Consider the following paper titled: Stochastic regime switching SIR model driven by Lévy noise, authored by Yingjia Guo.

Link: https://www.sciencedirect.com/science/article/pii/S0378437117302145

The system reads:

\begin{align} \mathbb{d}S &=[\Lambda(k)-\beta(k)S(t)I(t)-\mu(k) S(t)]\mathbb{d}t+\sigma_1(k) S(t)\mathbb{d}B_1(t)+\int_MD_1(k,y)S(t)\tilde{N}(dt,dy)\\[2ex] \mathbb{d}I &=[\beta(k)S(t)I(t)-(\mu(k)+\epsilon(k)+\gamma(k) )I(t)]\mathbb{d}t+\sigma_2(k) I(t)\mathbb{d}B_2(t)\\ &+\int_M D_2(k,y)I(t)\tilde{N}(dt,dy)\\[1ex] \mathbb{d}R &=[\gamma(k)I(t)-\mu(k)R(t)]\mathbb{d}t+\sigma_3(k) R(t)\mathbb{d}B_3(t)+\int_M D_3(k,y)R(t)\tilde{N}(dt,dy)\\[1ex] \end{align}

The reproduction number for the switching model being $$\mathcal{R}_{0_k}=\frac{\Lambda(k) \beta(k)}{\mu(k)(\mu(k)+\epsilon(k)+\gamma(k))}$$

The reproduction number for the deterministic model being $$\mathcal{R}_0=\frac{\Lambda \beta}{\mu(\mu+\epsilon+\gamma)}$$

Theorem 3.1 states the following:

If $\mathcal{R}_{0_k}<1$, $\sigma_1^2(k)<\mu(k)-\frac{3}{2}\int_M D_1^2(k,y)\nu(dy)$ and $\sigma_2^2(k)<2(\mu(k)+\epsilon(k)+\gamma(k))-3\int_M D_2^2(k,y)\nu(dy)$ then for any given initial value $(S(0),I(0),R(0))\in\mathbb{R}_+^3$ there is the property

$$\lim_{t\rightarrow \infty} \sup E \int_0^t \left[\left(S(s)-\frac{\Lambda(k)}{\mu(k)}\right)^2 +I^2(s)+R(s)\right] \leq \frac{\Lambda^2(k)}{\tilde{K}\mu^2(k)}\left[2\sigma_1^2(k)+3\int_M D_1^2(k,y)\nu(dy) \right] $$

which is satisfied for the solution for the stochastic system above, where

$\tilde{K}=min \lbrace{2(\mu(k)-\sigma_1^2(k))-3\int_M D_1^2(k,y)\nu(dy), \frac{2 \Lambda(k)(1-\mathcal{R}_0)(2\mu(k)+\epsilon(k)+\gamma(k))}{\gamma(k)\mathcal{R}_0}, 2(\mu(k)+\epsilon(k)+\gamma(k))-\sigma_2^2(k)-3\int_M D_2^2(k,y)\nu(dy)\rbrace}$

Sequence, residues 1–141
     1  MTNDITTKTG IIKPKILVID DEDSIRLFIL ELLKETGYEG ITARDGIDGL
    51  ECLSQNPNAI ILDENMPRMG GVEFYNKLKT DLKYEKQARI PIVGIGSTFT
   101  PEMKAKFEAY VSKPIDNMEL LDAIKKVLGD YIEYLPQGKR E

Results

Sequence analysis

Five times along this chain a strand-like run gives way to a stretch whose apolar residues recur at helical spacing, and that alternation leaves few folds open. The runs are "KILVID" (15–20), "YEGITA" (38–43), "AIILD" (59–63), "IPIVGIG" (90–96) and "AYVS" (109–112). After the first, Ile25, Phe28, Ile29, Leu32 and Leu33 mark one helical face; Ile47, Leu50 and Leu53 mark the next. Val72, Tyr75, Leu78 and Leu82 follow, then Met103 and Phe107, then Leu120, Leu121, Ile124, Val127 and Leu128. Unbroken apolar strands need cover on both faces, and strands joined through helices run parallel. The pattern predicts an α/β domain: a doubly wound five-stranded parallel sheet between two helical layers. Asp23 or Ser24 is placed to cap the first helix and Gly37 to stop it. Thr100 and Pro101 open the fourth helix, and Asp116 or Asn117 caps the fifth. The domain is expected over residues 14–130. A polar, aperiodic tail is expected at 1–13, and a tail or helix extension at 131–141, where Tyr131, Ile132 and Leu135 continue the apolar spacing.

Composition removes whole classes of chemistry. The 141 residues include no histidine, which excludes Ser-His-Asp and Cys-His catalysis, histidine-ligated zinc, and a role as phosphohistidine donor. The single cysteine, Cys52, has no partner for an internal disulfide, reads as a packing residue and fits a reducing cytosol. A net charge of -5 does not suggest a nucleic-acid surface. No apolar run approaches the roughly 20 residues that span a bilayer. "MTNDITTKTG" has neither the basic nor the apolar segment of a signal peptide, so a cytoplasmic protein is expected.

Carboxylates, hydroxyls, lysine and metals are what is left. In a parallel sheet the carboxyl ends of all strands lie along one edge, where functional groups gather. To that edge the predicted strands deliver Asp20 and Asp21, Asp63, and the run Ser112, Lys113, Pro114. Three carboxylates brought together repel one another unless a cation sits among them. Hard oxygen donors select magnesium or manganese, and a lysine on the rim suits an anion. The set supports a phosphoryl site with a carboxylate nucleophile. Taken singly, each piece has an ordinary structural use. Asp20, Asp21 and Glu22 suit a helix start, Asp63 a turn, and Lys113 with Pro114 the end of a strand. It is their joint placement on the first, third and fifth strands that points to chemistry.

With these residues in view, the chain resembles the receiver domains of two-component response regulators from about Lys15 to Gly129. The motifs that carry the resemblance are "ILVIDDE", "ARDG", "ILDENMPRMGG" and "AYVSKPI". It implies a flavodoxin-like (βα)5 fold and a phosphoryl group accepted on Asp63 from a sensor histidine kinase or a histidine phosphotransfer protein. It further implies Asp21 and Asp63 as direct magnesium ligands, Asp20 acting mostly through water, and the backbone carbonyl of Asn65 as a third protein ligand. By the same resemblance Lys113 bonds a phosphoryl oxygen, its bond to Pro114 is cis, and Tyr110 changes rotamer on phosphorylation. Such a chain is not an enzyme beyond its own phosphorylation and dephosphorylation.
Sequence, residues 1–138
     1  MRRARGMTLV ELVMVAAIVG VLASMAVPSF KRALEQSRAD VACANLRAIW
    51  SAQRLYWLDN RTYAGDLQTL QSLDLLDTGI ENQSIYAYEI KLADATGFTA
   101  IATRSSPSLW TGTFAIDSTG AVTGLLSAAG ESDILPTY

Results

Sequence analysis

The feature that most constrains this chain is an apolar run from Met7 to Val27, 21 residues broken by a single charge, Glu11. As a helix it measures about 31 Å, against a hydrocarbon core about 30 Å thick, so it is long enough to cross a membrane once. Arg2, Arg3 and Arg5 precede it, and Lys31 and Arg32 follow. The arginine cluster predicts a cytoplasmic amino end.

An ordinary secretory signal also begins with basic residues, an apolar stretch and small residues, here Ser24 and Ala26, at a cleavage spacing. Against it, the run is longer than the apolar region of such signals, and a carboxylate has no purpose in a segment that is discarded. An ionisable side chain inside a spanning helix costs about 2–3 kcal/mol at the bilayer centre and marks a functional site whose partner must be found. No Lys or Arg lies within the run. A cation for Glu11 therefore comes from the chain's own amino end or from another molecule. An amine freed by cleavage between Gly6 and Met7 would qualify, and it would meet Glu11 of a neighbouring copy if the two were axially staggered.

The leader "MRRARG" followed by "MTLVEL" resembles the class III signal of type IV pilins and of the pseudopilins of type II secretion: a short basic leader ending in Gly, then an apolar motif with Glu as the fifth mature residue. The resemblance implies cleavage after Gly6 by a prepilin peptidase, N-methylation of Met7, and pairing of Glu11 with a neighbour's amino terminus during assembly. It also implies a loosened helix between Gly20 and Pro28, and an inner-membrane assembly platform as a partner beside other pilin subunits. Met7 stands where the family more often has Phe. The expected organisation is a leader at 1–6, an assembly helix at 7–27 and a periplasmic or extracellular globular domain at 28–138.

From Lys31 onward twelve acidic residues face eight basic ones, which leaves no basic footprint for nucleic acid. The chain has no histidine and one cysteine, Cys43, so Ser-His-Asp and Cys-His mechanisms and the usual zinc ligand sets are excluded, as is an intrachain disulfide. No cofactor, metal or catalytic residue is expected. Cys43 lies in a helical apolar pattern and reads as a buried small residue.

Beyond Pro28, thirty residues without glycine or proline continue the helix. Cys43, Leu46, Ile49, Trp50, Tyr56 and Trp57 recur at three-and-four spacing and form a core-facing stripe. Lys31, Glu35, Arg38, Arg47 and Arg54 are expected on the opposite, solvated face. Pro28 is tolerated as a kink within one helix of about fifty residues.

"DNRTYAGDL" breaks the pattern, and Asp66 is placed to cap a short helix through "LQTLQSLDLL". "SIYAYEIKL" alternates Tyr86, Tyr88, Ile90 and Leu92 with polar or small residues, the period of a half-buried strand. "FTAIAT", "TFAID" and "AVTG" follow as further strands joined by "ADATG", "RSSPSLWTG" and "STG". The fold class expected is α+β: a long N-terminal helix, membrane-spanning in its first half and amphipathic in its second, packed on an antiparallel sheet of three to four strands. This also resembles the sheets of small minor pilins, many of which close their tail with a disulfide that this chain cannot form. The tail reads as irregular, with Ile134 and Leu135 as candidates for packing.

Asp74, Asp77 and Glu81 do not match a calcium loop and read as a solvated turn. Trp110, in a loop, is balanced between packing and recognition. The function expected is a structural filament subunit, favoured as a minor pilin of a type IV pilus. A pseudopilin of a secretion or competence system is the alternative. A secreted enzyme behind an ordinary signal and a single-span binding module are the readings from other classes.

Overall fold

The equilibrium point associated with Theorem 3.1 is the following

$$E_{0_k}=\left(\frac{\Lambda(k)}{\mu(k)},0,0 \right)$$

How did the author know these were the conditions needed and how did he get the property for Theorem 3.1? Or better, as Nawaf suggests, why are these conditions sufficient? A similar question for Theorem 4.1.


I have figured why and how the conditions for Theorem 3.1 and Theorem 4.1 must be in place.


Regarding the proof for Theorem 4.1, why and/or how was $p_2(k)$ chosen in this particular way? I know it says $\mu +\epsilon +\gamma - \cdots >0$ but where did this condition arise from?

EDIT 2 has also been understood.

  • $\begingroup$ Is the question: what meaning (if any) the sufficient conditions have? It would be helpful to underscore which sufficient conditions are being referred to. $\endgroup$ Oct 13, 2022 at 12:31
  • $\begingroup$ @NawafBou-Rabee: If you can access the paper, in Theorem 3.1, how did the author know the conditions( $\sigma_1^2(k)<\mu(k)-\frac{3}{2}...$) and how did he know the property $\lim_{t\rightarrow \infty} \sup E \int_0^t [|\cdots]<\cdots$? $\endgroup$
    – Math
    Oct 13, 2022 at 12:36
  • $\begingroup$ (i) I think this more precise version of the question in the comment should probably be incorporated in the question. (ii) The question "how did the author know ... ?", is a question that probably should be directed to the author themselves. A better MO question is "why are these conditions sufficient?" or something like that. $\endgroup$ Oct 13, 2022 at 12:43
  • $\begingroup$ @NawafBou-Rabee I will add it in the question. That is what i meant to ask, sorry. $\endgroup$
    – Math
    Oct 13, 2022 at 12:45


Your Answer

By clicking “Post Your Answer”, you agree to our terms of service and acknowledge that you have read and understand our privacy policy and code of conduct.